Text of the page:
Micro size, macro memory

Nandagopal Rajan        Print Edition: March 2012

A decade ago, while struggling with floppy drives that never seemed to have enough memory to store files, we would never have foreseen a time when a device smaller than a thumb could hold over 10,000 songs or a hundred hi-def movies. But then none of us are good at predicting the twists and turns technology takes. USB drives have always been small, but now they are becoming even smaller. But that doesn't mean they are becoming costlier or have lesser storage than earlier. In fact, things are moving in exactly the opposite direction. The latest USB flash drives might be small, but they now have more storage capacity than ever before and are more affordable.

Strontium Technology, one of the largest manufacturers of flash drives, says earlier the devices were larger as the controller and flash used to be soldered separately. Now, a single piece, called the COB, has both the controller and flash memory chip built in, thus drastically reducing the sizes and prices. So, while a 2GB USB drive would have cost you Rs 500 a couple of years ago, now you will get a 16GB drive for the same outlay. A top-draw 64GB drive could cost you under Rs 5,000. Another factor behind the reduced prices of USB flash drives is the fall in flash wafer costs due to technology advancements.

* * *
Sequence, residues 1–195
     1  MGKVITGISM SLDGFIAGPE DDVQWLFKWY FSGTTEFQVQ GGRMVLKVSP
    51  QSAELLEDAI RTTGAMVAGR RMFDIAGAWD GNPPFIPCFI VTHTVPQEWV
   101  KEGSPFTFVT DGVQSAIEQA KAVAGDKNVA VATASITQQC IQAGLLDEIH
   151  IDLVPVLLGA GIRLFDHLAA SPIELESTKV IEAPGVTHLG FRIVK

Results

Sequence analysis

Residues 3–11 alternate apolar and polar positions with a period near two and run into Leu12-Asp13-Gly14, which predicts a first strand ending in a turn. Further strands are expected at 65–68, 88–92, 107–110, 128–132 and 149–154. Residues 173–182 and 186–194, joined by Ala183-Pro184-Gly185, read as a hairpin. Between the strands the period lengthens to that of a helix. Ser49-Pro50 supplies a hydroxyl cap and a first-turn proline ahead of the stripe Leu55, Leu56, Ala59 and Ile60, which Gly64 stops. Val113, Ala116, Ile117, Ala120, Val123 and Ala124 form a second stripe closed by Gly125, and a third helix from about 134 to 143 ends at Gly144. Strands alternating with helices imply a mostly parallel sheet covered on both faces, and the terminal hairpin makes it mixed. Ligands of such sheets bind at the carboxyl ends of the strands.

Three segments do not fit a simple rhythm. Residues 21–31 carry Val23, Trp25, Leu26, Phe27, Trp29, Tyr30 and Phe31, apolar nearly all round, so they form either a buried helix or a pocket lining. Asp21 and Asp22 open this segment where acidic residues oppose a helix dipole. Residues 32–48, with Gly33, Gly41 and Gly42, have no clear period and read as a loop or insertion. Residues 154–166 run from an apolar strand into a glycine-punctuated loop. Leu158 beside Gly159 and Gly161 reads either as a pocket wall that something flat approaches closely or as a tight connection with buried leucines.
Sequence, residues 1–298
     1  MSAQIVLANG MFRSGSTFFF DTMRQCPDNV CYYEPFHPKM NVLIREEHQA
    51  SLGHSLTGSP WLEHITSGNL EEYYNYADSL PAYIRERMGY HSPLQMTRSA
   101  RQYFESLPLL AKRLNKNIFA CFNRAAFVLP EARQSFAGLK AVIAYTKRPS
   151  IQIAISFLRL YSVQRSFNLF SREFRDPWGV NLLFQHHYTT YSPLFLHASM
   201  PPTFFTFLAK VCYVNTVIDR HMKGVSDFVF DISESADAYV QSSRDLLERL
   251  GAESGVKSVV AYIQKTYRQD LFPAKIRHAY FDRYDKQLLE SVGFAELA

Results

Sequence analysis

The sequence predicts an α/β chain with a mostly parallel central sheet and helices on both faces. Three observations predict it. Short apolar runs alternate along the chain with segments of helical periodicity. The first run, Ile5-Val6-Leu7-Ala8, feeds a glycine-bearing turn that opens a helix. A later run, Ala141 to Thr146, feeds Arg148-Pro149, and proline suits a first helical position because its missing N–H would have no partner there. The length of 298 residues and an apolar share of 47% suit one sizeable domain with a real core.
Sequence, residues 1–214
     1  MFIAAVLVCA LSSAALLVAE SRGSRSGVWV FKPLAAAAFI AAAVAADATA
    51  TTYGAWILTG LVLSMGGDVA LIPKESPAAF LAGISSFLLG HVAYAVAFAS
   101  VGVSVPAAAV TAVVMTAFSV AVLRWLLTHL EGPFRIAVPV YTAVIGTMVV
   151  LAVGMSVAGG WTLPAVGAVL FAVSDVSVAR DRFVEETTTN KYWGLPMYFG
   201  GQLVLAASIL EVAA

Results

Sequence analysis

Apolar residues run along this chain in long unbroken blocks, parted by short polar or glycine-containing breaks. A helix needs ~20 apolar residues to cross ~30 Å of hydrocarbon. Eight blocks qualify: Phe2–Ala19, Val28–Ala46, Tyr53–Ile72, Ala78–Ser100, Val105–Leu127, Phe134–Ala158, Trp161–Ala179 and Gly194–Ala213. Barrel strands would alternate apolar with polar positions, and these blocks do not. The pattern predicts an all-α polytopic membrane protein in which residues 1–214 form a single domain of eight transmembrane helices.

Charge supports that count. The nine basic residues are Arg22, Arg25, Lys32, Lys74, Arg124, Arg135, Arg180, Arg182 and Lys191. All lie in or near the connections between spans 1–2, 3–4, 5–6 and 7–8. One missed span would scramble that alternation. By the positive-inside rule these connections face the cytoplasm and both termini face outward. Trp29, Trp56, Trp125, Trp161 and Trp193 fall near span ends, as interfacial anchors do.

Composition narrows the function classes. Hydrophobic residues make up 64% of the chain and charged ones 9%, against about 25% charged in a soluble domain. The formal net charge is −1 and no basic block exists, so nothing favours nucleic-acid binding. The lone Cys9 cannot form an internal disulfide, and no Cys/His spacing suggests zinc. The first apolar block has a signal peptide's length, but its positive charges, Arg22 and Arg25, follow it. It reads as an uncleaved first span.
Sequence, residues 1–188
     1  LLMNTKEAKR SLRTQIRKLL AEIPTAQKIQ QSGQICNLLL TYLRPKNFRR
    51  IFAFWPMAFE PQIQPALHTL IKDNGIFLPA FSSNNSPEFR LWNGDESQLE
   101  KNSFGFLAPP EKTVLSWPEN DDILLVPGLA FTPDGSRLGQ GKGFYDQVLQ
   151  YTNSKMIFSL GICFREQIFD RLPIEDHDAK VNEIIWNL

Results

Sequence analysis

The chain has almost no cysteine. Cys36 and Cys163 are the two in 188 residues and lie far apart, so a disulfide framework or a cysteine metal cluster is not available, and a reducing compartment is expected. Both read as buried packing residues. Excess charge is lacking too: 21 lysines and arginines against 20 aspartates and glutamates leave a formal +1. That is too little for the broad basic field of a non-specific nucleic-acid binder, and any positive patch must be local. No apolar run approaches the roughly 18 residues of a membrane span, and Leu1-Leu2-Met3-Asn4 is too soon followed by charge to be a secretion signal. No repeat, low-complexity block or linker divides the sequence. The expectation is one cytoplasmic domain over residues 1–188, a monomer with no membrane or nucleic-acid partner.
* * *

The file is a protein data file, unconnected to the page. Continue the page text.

But USB flash drives tend to be slow as most cheaper ones run on low performance NAND flash with just a couple of channels. This is why it takes ages to copy a large file to a flash drive. Most new USB drives, especially the ones with capacities of 32GB or more, use SSD with high performance multiple-channel NAND . These drives also have better memory controllers and most of them now feature the latest USB 3.0.

THE WEIGHTLIFTERS
At CES 2012, Victorinox showcased its SSD and Slim 3.0 USB drives with storage capacities between 64GB and 1TB. The company claims their thumb drive-sized SSD is the smallest high-storage SSD around and the first to include a connector for both USB and eSATA. Last year, Transcend touted a similar sized USB 3.0 flash drive with 2 TB storage. While the storage capacities of the USB drives keep increasing, the push for the smallest size seems to have hit a dead end since Dutch manufacturer Deonet came out with the "smallest USB-stick in the world". Based on revolutionary Micro UDP-chip memory, it is half the size of a classic USB-memory chip: 19.5 x 14.5 mm with a 2.9-mm thickness. Despite its size, it can store between 4 and 16 GB of data. No wonder, no one has made a USB drive smaller than this.

Courtesy:Gadgets and Gizmos

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